A few veteran MLB players are destined for enshrinement at the National Baseball Hall of Fame and Museum in Cooperstown, New York, once they’re eligible. Houston Astros starting pitcher Justin Verlander is one of those special cases.
That was the case before he returned in 2022 to dominate his opposition once again, despite missing virtually all of the last two seasons due to Tommy John surgery.
The right-hander’s 25.6% strikeout rate is nearly 10 percentage points lower than what he produced in 2018-19. However, his 4.6% walk rate is in line with recent performance, and Verlander is dominating in just about every other way. Through 124 innings, he’s the owner of a 14-3 record with a sparkling 1.81 ERA and 0.87 WHIP.
Justin Verlander’s career has included two spans of peak performance
Depending on how much longer the 39-year-old pitches, could there be a debate on whether he should wear a Detroit Tigers or a Houston Astros hat on his plaque?
Detroit will always have the upper hand and is probably the likely answer because Verlander spent 13 years with the club, including signing what was then the richest contract for a pitcher in MLB history. He also put together a historic 2011 campaign for the Tigers. He not only won the American League Cy Young Award and the pitching triple crown (he led the league with 24 wins, a 2.40 ERA, and 250 strikeouts), but he also won the AL MVP Award.
However, Verlander’s late-career renaissance in Houston has led to his career having two distinct peaks. From 2009 through 2012, the right-hander posted four consecutive seasons with at least 6.0 fWAR, including 8.4 during that dominant 2011 campaign. During those 953.2 innings, he never won fewer than 17 games in a season while averaging a 2.95 ERA, a 1.08 WHIP, and 244 strikeouts.
Not counting 2020 — since it included just one start and six innings pitched — Verlander has posted two more 6.0-plus fWAR seasons since 2018. With 3.5 fWAR thus far in 2022, he’s got another shot to get close to that number. It certainly doesn’t seem like he’s on the verge of retirement, either.
Sure, Verlander is currently on a one-year deal with Houston. But he can select a $25 million player option for 2023 once he surpasses 130 innings pitched, which he’ll probably do during his next start.
If he pitches into his mid-40s like he originally planned to and picks up some extra hardware along the way, him going into Cooperstown as a Tiger may no longer be a slam-dunk decision. Either way, Verlander’s career is a testament to his elite consistency and longevity.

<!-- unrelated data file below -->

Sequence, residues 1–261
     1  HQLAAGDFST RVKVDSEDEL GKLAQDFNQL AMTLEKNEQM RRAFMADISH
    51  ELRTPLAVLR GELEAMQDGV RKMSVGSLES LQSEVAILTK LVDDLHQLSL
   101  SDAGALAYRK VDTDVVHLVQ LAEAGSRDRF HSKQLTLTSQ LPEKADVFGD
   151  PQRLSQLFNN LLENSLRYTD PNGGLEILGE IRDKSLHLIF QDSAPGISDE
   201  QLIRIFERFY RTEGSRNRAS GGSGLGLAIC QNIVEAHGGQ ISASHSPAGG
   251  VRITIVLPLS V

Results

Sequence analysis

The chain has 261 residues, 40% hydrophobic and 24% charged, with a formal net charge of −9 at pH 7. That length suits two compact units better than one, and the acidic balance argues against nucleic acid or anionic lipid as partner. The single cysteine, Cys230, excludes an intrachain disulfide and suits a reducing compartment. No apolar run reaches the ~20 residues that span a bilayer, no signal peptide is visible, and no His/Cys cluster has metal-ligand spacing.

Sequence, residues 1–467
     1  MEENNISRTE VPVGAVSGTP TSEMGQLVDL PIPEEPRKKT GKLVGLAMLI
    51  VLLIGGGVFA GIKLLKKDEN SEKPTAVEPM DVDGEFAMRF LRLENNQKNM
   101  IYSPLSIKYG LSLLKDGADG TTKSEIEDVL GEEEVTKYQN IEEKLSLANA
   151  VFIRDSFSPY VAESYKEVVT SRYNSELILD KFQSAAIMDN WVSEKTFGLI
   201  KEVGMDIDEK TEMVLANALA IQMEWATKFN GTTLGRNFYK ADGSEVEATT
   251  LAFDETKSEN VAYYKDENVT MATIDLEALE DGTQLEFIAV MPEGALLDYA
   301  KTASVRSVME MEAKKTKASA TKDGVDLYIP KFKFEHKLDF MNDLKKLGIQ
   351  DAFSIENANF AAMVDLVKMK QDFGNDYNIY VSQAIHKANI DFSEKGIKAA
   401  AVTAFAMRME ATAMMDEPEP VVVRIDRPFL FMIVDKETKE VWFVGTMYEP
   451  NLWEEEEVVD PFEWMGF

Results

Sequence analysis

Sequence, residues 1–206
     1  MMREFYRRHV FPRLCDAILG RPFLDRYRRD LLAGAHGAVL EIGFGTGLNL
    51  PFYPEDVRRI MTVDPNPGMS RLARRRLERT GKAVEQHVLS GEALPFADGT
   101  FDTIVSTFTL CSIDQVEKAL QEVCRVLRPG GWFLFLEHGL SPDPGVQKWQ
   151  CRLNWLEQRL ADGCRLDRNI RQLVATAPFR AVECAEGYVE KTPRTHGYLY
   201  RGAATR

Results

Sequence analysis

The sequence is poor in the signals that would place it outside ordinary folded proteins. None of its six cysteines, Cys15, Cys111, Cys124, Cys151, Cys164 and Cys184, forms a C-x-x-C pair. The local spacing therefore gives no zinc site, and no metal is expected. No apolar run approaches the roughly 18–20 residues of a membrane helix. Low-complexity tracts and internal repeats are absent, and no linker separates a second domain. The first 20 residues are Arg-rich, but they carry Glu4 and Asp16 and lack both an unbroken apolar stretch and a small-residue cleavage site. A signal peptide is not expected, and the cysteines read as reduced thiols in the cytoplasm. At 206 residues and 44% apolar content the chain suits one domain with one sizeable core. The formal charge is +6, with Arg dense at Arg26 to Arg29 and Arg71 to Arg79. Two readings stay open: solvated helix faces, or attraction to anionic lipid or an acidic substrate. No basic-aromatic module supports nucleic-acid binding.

The chances of a third Cy Young Award for Verlander and what it could mean
In addition to winning the 2011 AL Cy Young Award, Justin Verlander also took home the honors in 2019 for the Astros. Outside of those two occurrences, he’s had several close calls. He’s finished within the top five on six different occasions, with three of those landing him in second place.
Although Shane McClanahan of the Tampa Bay Rays currently owns the best chance to win the award with +160 odds (bet $100 to win $160), according to Vegas Insider, JV is right behind him at +210. When looking at the rest of the field, it looks like a two-pitcher race since Dylan Cease is third with +800 odds.
While McClanahan currently has an edge on Verlander in ERA (1.76) and strikeout rate (35.4%), the veteran currently has the 25-year-old beat in fWAR (3.5 to 3.2) and wins (14 to 10, although we all know that’s not a huge deal anymore).
The significance of a third Cy Young Award would be massive for Verlander regarding his overall legacy in the game, though.
Ten starting pitchers have won three or more Cy Young Awards during their respective careers: Roger Clemens (seven), Randy Johnson (five), Greg Maddux (four), Steve Carlton (four), Max Scherzer (three), Clayton Kershaw (three), Pedro Martinez (three), Jim Palmer (three), Tom Seaver (three), and Sandy Koufax (three).
Verlander’s span of dominance is unique among hurlers in MLB history
While the number of Cy Young Awards is significant, we also shouldn’t overlook the span of time between the first and last victories. If we use the same list of hurlers with at least three of these things, we’ll see that the majority took home the hardware over a small period that served as their peak. Only a few spread it out:
- Clemens: 18 years between his first and last Cy Young
- Carlton: 10 years
- Johnson: seven years
- Seaver: six years
- Scherzer: four years
- Maddux: three years
- Kershaw: three years
- Martinez: three years
- Palmer: three years
- Koufax: three years
If Justin Verlander were to win his third Cy Young Award at the end of this season, he’d have a span of 11 years between his first victory and his most recent one. If we look at the above list, only Clemens would have a longer gap.
It seems unlikely to have a pitcher in his late 30s — or even his early 40s — contending for a Cy Young each year. But that’s exactly what Verlander has done since landing in Houston.
A handful of pitchers in each generation just seem to be built differently than the rest. Verlander absolutely falls into that category.
At this point, it wouldn’t be wise to put anything past the hurler. There’s a chance he can accomplish it.